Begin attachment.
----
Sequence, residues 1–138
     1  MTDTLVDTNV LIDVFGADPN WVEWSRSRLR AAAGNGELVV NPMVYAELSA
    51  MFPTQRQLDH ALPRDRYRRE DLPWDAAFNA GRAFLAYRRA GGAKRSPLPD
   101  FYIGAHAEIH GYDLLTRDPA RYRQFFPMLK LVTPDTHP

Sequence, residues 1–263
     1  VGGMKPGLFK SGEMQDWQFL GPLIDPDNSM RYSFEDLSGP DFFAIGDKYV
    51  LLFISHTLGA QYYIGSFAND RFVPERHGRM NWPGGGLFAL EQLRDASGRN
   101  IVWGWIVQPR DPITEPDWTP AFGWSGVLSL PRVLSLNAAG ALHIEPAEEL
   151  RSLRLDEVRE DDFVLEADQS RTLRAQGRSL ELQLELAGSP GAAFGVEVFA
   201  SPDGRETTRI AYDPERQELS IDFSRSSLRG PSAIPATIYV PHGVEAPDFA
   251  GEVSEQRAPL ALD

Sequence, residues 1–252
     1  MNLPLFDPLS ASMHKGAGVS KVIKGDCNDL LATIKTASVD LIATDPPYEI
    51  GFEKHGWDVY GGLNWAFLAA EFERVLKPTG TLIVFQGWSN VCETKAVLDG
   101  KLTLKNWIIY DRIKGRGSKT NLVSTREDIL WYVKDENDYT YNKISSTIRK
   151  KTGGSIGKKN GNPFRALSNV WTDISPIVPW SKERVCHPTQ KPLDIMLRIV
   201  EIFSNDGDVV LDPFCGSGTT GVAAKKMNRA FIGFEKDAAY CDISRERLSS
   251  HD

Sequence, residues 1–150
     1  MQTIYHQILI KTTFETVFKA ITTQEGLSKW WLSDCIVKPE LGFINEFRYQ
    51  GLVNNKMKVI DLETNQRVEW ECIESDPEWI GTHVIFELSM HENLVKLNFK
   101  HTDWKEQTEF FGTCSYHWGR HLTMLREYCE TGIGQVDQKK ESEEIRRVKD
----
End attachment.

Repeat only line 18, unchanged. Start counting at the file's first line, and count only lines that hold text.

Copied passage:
   251  HD